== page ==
Feel as if you’ve been hearing more lately about energy drink related visits to the emergency room? You’re not imagining things. Between 2007 and 2011, these visits doubled from an estimated 10,000 to 21,000 visits. According to a USC study of randomly sampled ER patients, a third of those who reported having consumed an energy drink suffered symptoms including everything from chest pain, to heart palpitations, to seizures. In addition, the FDA has received at least 15 reports of deaths related to the energy boosting beverages. Although there is no definitive proof linking the drinks with negative health reactions, Michael Jacobsen, PhD, says, “No one really knows how dangerous they are. They certainly raise a caution flag about drinking too much (caffeine) too quickly.” This “too quickly” may be related to the form of the drink itself. Says Jacobson, “Some contain large amounts of caffeine. And they’re consumed differently than coffee. Energy drinks are gulped, rather than sipped.”

Coffee beans

Caffeine Content
It may not surprise you to know that the active ingredient in energy drinks is caffeine. What may surprise you, on the other hand, is the amount. While some brands stop at 50 milligrams, others pack in a whopping 215 mg. To break it down, an eight-ounce cup of Joe contains about 100 milligrams and most experts advise topping out at 400mg a day max. As if that wasn’t worrying enough, energy drink manufacturers are not required to list the amount of caffeine in their products unless it’s in the form of pure caffeine. That means, if the caffeine in the drink is added in the form of tea, coffee, or natural substances, such as guarana, the amount may not be on the can, and if it is, it may not be accurate.

How Do Energy Drinks Deliver?
Ok, so we know they might be dangerous to our health, but do energy drinks even do what they’re supposed to? While it may be true that caffeine can help to improve the clarity of thought and exercise endurance, as little as 1.5 mg per pound of body weight (2 cups for a person weighing in at 150) will do the trick and more does not make it better. Furthermore, according to a 2012 Nutrition Reviews report the energy drinks’ natural ingredients, like amino acids, vitamins, and botanicals do little to increase energy.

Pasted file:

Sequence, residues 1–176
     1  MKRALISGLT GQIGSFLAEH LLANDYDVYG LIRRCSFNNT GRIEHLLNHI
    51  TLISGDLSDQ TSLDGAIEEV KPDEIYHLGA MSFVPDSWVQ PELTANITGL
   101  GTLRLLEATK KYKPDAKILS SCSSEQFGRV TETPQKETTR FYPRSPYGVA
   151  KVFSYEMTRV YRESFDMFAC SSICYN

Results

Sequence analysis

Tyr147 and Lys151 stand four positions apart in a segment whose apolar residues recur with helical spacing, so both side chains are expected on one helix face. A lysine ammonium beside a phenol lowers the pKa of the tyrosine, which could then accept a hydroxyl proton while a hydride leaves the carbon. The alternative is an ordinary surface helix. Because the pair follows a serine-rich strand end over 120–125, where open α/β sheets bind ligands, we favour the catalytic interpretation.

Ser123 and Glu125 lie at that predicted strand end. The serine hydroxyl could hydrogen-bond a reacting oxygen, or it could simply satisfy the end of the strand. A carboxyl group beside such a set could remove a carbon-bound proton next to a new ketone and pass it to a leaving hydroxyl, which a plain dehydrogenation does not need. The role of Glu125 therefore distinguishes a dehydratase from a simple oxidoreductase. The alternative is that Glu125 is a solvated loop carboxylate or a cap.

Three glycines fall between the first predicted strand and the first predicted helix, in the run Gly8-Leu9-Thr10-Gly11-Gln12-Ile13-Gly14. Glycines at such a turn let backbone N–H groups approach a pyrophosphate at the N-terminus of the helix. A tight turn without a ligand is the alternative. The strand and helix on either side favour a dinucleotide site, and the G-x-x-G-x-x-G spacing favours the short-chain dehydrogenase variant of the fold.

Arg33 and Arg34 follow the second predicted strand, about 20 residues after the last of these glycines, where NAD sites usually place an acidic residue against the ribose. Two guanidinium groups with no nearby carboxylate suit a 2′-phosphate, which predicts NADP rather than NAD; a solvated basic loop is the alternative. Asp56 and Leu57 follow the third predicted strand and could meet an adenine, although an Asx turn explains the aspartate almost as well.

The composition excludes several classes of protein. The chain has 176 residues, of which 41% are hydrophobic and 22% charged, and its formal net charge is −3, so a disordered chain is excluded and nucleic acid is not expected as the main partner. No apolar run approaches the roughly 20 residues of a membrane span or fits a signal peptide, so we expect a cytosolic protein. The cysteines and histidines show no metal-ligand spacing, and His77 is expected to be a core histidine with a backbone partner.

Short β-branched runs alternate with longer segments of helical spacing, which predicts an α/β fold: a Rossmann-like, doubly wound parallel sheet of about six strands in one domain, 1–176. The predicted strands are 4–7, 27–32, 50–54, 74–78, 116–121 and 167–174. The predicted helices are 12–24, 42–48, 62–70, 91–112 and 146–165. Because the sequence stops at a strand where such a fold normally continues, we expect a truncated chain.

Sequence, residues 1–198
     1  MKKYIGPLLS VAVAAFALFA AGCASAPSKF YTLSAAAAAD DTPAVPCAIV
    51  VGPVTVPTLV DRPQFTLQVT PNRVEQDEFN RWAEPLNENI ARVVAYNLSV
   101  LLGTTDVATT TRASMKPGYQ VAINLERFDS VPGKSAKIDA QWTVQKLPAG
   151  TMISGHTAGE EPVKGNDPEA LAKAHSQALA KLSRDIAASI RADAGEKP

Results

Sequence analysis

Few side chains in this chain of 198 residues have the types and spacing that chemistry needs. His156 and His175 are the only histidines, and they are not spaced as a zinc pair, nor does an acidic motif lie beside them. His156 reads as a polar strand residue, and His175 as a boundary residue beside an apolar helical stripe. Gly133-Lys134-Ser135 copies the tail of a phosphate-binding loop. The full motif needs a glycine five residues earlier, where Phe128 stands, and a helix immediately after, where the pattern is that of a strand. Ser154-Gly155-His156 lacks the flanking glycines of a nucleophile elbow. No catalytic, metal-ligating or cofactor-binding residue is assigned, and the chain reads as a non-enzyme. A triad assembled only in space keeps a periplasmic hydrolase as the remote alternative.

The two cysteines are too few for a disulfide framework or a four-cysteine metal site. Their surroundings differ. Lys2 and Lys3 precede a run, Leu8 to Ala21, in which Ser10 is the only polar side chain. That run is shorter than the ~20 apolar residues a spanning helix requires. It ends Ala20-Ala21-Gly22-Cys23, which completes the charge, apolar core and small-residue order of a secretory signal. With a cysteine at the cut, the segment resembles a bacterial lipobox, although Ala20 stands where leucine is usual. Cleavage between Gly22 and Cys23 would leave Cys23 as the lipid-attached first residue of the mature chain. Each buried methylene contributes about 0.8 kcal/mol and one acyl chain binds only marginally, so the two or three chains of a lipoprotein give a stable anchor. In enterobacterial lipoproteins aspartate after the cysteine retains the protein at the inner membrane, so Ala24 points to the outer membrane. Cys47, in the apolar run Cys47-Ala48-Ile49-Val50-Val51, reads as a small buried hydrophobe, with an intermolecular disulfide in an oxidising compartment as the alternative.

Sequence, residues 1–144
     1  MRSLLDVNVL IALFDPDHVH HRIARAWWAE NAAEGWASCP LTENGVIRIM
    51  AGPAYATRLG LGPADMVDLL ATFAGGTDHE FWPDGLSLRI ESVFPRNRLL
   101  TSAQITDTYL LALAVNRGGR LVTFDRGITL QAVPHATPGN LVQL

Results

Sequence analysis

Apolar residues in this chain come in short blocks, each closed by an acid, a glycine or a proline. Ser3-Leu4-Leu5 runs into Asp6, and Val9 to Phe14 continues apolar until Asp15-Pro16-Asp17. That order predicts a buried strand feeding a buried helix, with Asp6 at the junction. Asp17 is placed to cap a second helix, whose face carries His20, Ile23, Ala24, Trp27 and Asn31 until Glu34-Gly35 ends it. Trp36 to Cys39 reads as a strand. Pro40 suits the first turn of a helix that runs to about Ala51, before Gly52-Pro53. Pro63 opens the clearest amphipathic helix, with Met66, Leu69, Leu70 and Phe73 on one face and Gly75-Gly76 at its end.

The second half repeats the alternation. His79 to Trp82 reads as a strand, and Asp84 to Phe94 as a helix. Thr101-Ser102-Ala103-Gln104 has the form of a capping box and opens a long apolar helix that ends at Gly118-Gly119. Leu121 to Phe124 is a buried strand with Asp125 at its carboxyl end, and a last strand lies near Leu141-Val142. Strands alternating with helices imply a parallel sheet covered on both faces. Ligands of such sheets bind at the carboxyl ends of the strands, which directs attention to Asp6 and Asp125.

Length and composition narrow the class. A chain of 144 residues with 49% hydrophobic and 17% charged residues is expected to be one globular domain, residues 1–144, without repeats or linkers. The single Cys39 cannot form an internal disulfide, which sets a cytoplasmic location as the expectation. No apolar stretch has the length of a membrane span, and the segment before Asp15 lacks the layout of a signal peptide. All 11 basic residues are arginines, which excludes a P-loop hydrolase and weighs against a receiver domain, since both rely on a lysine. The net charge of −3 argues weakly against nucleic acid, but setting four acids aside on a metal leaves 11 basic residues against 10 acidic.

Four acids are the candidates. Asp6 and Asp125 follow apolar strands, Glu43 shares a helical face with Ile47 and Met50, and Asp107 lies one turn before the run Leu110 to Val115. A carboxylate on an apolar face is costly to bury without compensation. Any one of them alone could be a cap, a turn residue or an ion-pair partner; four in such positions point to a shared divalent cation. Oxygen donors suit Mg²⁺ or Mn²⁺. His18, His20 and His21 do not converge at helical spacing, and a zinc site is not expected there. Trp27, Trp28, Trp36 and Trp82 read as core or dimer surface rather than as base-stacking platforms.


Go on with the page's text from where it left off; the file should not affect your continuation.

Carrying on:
The Bottom Line
The overall verdict on energy drinks? Overall, when consumed in moderation, they are fairly safe. However, a study presented at the American Heart Association’s 2013 Scientific Sessions found that downing these babies can raise systolic blood pressure by 3.5 points on average and can lead to irregular heartbeats which can be potentially fatal, especially if you have an underlying heart condition. So bottom line? Proceed with caution.

What do you think about energy drinks? Friend or foe? We want to get your take.

Woman drinking a detox smoothie

Feel Better With A Weekend Detox

  Do you dream in chocolate?  Do you leave a basket of fruit on your table when the neighbors come and quickly swap it for the donut box when they go?  Do you have a secret stash of Snickers bars under your bed?  If this describes you, you may be a good candidate for a weekend detox.  Now let’s get this straight.  A weekend detox is not just for the nutritionally deprived.  It is a more like going on a two-day health bender in which your diet and health habits are regulated with the goal of cleansing your system, restoring blood pressure, and getting your digestion and blood sugar back on track.  Sound like a nutty adventure?  Let’s take a closer look.

Why the Weekend?
One thing you should keep in mind is that there is a reason for it being called a weekend detox.  Firstly,  limiting your food intake in this way is definitely not the best way to stay focused in the office and should only be done for a short time period.  Also, you need time to prepare your foods and might end up having to use the bathroom excessively because of the water, tea, and juices that constitute a good portion of most diets. Thus, a leisurely day with some degree of privacy may be best.

The Nutritional Component
The detox menu varies depending on the plan you follow.  The most severe ones are limited to system flushing liquids and smoothies, but more of them incorporate a restricted list of foods.  Here are the general rules of detox eating.

Antioxidants